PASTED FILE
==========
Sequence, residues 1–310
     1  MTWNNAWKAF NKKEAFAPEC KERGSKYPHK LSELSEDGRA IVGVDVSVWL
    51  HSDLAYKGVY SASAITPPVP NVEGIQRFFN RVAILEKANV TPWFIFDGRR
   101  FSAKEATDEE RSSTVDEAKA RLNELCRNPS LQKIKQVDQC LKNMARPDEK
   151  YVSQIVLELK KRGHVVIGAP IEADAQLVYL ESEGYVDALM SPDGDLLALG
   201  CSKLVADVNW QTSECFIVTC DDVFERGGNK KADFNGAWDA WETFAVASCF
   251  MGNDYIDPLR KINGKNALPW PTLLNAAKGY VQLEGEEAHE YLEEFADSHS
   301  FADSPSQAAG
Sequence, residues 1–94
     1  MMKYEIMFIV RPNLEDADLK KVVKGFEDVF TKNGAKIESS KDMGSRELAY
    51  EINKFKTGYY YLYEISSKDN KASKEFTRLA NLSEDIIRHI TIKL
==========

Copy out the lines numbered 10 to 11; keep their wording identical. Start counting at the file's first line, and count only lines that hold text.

     1  MMKYEIMFIV RPNLEDADLK KVVKGFEDVF TKNGAKIESS KDMGSRELAY
    51  EINKFKTGYY YLYEISSKDN KASKEFTRLA NLSEDIIRHI TIKL